The first Indian woman to fly an airplane was a 21-year-old mother who did the flight in a sari. Her name was Sarla Thakral. After being widowed at age 24, she sought to apply for a commercial pilot’s license, but was stymied in doing so, due to the breakout of World War II. She later became an artist and entrepreneur and lived to the age of 94.
The Amputee Who Became a Doctor“Just know that a bad phase or a disability is a chapter in your book … it’s not the entire story,“ - Dr. Malvika Iyer, who lost both her hands at age 13.
Pakistan's First Female FirefighterShazia Perveen joined Pakistan's Rescue 1122 emergency services, becoming the nation's first female firefighter. "Some women avoid and hesitate to work with men. That is where I differ with them and think that we, women, can work shoulder-to-shoulder with men," she told local media.
"Right to Pee" ActivistShaikh campaigns to get more, cleaner, and safer toilets for women to use in India.
A new comic book with a female rape survivor as its "super hero" has been launched to focus attention on the problem of sexual violence in India.
The Grandmother Who Built DamsThis nonagenerian entrepreneur helps out villages across Rajasthan, India, by building dams.
Afghan mother who killed 25 TalibanWhen her son was killed by Taliban militants while defending his outpost, this Afghan mother rounded up her family and continued the defense of his outpost - killing 25 Taliban fighters in the process.
The Soldier Who Pushed To Okay Women For CombatThis Purple Heart warrior (and medical evacuation pilot) filed suit against the US military policy excluding women from combat - the military recanted it shortly thereafter.
The Modern Harriet TubmanSyeda Ghulam Fatima is the General Secretary of the Bonded Labour Liberation Front Pakistan, an organization devoted to eliminating bonded labor and economic exploitation of workers. So far she has helped free over 80,000 people.
Child Bride Turned National WrestlerMarried off at age thirteen, Neetu has since taken up wrestling, winning a bronze medal in the 2015 National Games of India. She's currently aiming for the 2020 Olympics.
The First Indian AviatrixThe first Indian woman to fly an airplane was a 21-year-old mom - who did it in a sari.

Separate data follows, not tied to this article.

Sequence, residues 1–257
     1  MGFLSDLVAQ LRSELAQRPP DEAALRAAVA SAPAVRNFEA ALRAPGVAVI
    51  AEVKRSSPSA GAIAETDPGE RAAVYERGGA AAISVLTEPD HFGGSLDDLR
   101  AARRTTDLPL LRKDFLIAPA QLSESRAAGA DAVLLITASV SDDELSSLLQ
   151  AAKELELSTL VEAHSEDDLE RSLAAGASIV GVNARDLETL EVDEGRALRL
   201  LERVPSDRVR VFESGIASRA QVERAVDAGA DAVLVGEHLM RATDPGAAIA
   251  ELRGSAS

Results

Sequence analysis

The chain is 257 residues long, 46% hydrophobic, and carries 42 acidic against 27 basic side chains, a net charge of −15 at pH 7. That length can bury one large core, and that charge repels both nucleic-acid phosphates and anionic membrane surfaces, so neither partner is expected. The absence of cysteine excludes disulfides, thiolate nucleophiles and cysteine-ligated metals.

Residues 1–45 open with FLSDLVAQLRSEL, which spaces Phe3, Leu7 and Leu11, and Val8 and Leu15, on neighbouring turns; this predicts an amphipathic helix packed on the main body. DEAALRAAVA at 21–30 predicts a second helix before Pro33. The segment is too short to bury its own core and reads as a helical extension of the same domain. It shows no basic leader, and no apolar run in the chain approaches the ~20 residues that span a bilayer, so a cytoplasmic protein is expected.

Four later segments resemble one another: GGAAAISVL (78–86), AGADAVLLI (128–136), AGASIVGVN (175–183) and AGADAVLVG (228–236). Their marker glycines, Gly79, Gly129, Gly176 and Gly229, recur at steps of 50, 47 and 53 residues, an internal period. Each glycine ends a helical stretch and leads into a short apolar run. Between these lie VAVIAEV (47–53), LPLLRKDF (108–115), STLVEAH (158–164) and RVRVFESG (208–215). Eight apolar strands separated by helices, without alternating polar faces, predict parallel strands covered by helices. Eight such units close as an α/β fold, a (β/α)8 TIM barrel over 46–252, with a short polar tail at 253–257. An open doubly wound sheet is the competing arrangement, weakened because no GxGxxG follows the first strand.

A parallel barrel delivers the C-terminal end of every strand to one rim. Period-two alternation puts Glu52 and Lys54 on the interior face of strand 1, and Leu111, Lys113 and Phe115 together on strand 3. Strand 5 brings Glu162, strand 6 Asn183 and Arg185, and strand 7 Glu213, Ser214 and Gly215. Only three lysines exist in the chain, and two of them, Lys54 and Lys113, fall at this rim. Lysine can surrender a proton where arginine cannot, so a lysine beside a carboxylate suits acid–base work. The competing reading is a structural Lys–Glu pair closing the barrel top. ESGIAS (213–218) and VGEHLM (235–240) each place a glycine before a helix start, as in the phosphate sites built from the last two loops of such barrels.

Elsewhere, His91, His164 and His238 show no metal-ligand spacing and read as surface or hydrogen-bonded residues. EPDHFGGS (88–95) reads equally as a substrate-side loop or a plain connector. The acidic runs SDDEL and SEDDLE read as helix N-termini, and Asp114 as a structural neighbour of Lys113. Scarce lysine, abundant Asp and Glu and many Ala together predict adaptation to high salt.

Tammie Jo Shults
One of the US Navy's first female fighter pilots took a job with a commercial airline - and then saved the day when an engine exploded mid-flight.
Her apartment, which she dubbed Dream Haven, was a “who’s-who of the Harlem Renaissance: artists, poets, writers, songwriters, intellectuals, and activists” - everyone from Zora Neale Hurston to Langston Hughes to W.E.B. Du Bois.
Together with her husband Serge, this woman has spent her life tracking down war criminals and bringing them to justice.
Part of a WW2 unit that untangled a logistics nightmare, she lived to a hundred and helped run a chapter of the NAACP.
In the 60s, an Italian woman was abducted and raped - and then pressured to marry her rapist. She instead took him to court and got him tossed into jail.
She organized the Club From Nowhere - a collection of chefs who helped the effort in anonymity, to avoid reprisals in their personal and professional lives.
When she was assassinated for her critiques of the police, protests broke out across Brazil.
“Just know that a bad phase or a disability is a chapter in your book … it’s not the entire story,“ - Dr. Malvika Iyer, who lost both her hands at age 13.
This trader published extensively about her travels into little-visited parts of the world, opening up the minds of the British public in the process.
Kim "Geguri" Se-Yeon
The first woman in the Overwatch e-sports league had to go through hell to prove herself.
When horse-riding Spaniards invaded, she defied her tribe to befriend one of the abandoned horses, using her new bond to fight off the Spanish.
Socialite turned sniper turned socialist politician - Ireland's first woman elected to office had quite a life.
Tamar of Georgia
Saint, sovereign, and fiercely independent woman, she quashed two rebellions from her ex-husband, expanded her nation's borders, and ushered in a golden age.
Catalina de Erauso
After escaping from a convent, this swashbuckler had the strength to chase her dreams: which were apparently to drink, fight, and womanize.
This Sikh warrior saint led 40 deserters back into battle and in so doing, possibly saved her entire religion from extinction.